Slavery and Geomancy

The recent conference and events hosted by Emory University titled “Slavery and the University” are a real landmark in our progress as southerners.  Up until now, as far as I can tell, we have actively suppressed any and all acknowledgement of slavery as a part of southern life.  It’s how we white southerner’s we taught to deal with things: be polite, make it look real pretty and polished and by all means HIDE it if it’s ‘unsightly.’  I charmed the pants off…. i mean socks off many boys in my Northeastern boarding school and California college for these Southern rules….  ‘owning’ them, relishing in the power, while never letting on who i really was.  As I grew older, I learned this type of relationship is not honest, nor fulfilling.   To embrace love we must embrace truth, vulnerabilities and all.   Being strong enough to face the good and the bad, we grow.

Well, I think the South is finally learning that our relationship to our past is not serving us.  Denial of the truth is not healing- its denial.  Emory is certainly leading the way through opening up a long overdue discussion.  We’ve collectively been holding our breath for over 100 years, and it seems the breath is beginning again to flow.  What a relief.  I am proud of the courage it takes to unearth such a dark, deep and emotionally full subject.   I know it will take a lot more- and a lot more than just talking about it.

I first felt the grip Slavery still has on the south one Fourth of July in Winterville, GA.  I was with some friends, spending a free day in the woods, by the river-  enjoying the outdoors.   I had been studying Geomancy for a few years already with Marko and Ana Pogacnik, so I was learning how to communicate with the consciousness of nature.  I remember being close to the ground by the entrance to a garden, and when i put both of my hands on the ground I felt an immense surge of energy that I can only describe as painful and emotional.  I was overwhelmed as I processed this energy as  residual trauma felt by slaves so many years before, probably on the same site where i knelt.

Now I know through the work of Machaelle Small Wright that nature indeed holds human emotional energy as a service to humans.  Otherwise, we could cripple ourselves from the sheer power of our emotions- often even unconscious thoughts and feelings.  It’s up to humans to acknowledge this and work with nature to release this energy for transformation.  Then, I didnt feel I had the capacity to work on my own to offer healing to the southern landscape for this trauma- it just felt like too much.  So I invited our North American school of geomancy, lead by Marko, to Atlanta in 2007 to do this work.  I had not told the group of this experience, but together we did some remarkable work with the city and, of course, worked a great deal with slavery.  More details on that can be found in this article I wrote just after the workshop.  Incredible experience.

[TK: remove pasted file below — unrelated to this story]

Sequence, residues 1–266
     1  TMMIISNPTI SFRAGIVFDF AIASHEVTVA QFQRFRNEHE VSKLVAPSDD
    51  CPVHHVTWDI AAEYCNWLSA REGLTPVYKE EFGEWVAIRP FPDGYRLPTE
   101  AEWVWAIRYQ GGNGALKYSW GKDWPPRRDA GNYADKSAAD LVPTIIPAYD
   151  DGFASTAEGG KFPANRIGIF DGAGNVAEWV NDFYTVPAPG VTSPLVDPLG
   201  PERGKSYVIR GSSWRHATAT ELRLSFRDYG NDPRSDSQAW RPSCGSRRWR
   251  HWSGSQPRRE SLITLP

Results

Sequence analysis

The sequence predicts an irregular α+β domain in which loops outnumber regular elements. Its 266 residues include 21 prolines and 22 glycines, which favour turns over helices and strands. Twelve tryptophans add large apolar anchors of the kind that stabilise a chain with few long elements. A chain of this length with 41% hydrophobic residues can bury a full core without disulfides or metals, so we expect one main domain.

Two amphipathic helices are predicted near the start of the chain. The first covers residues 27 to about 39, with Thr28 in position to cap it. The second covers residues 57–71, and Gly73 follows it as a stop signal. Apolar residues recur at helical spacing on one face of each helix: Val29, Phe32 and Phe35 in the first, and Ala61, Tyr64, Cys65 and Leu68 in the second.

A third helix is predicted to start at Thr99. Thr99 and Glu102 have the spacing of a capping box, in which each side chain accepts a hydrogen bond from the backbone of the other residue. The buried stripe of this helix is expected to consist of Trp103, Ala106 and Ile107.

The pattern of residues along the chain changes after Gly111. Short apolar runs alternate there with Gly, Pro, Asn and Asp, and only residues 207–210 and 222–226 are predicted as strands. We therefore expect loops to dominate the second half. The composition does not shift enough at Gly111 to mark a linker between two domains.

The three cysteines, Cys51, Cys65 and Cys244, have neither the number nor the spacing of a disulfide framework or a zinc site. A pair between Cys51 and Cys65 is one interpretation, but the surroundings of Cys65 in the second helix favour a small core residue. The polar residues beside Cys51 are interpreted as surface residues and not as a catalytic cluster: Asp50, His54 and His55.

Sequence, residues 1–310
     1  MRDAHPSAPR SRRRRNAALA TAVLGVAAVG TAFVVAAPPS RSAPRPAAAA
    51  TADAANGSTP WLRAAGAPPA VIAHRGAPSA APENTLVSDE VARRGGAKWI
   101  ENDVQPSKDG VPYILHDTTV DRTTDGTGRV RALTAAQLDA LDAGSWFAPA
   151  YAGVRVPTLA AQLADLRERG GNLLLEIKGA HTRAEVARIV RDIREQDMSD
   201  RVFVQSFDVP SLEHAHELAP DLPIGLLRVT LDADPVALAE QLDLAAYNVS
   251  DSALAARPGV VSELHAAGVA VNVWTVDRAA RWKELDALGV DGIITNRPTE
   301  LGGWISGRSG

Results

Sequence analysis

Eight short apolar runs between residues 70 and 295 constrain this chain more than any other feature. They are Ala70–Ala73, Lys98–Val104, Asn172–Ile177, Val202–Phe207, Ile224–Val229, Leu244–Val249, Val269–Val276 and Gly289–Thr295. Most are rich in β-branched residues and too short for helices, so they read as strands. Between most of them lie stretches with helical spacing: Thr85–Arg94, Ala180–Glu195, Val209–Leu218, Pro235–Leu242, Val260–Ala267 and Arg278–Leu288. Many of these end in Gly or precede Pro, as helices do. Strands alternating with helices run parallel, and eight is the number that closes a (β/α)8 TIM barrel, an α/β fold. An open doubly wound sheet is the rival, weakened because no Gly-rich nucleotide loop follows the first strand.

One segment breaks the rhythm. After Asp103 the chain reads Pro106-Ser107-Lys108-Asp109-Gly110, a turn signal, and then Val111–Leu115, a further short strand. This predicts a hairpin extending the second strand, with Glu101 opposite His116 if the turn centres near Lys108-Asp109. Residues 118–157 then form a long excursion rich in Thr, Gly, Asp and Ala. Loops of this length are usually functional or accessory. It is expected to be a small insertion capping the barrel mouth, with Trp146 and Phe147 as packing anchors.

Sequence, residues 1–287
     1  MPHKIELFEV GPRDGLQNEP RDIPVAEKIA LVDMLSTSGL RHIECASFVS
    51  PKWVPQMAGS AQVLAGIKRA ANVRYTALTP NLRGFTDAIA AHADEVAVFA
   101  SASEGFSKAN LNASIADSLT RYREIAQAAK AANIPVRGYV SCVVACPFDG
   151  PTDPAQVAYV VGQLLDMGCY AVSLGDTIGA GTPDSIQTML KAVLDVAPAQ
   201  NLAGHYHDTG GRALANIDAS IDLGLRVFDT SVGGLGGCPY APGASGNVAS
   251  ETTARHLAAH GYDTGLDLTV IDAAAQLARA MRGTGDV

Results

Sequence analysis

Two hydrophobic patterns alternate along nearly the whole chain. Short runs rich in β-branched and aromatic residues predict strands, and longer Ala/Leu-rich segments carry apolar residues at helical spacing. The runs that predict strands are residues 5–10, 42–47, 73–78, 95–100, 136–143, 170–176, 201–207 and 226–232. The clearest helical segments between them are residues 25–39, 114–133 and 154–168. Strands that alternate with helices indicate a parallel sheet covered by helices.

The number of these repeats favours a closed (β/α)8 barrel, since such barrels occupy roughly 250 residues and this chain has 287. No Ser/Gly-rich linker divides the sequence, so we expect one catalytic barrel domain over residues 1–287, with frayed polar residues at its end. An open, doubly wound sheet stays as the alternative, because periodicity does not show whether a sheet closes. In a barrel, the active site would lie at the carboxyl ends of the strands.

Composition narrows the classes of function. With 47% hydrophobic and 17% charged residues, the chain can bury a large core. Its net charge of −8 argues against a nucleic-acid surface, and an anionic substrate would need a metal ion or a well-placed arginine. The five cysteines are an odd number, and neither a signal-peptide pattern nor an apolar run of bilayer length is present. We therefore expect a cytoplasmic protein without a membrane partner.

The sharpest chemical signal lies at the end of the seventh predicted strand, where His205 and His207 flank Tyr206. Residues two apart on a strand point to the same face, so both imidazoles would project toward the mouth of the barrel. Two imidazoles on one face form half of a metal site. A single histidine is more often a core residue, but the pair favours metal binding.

I believe working with Geomancy has the potential to heal us and the landscape from the trauma of slavery, because of it’s multi-dimensional approach.  And Lance Howard, professor of Geography, Clemson University believes this as well.  He was asked to speak on a panel at the recent Emory conference and said, “I have misty photos taken today from the Fort Hill landscape; the oldest of the red cedars there may date from Calhoun’s lifetime.  I got a real strong sense from him today that he wants to clear this legacy and then a strong sense of all this black, bubbling energy anxious to be released from beneath that ‘hardpan’ that we noted at [in the Atlanta workshop] and elsewhere.

“I see this as analogy of soil and the strata of the earth’s crust.  Just as there are sediments that accrue into sedimentary rock, there is an accrual of SENTiments in the emotional and etheric fields (details needed) over time.  Investigation and interpretation of these sentimentary strata is part of the subtle science of Geomancy.”

Well said, Lance.

One Response to “Slavery and Geomancy”

  1. Lance Howard says:

    Dear Lindsey, your sensitivities are what compel me to appreciate the urgency of geomancy in the world. Let’s move forward with this.

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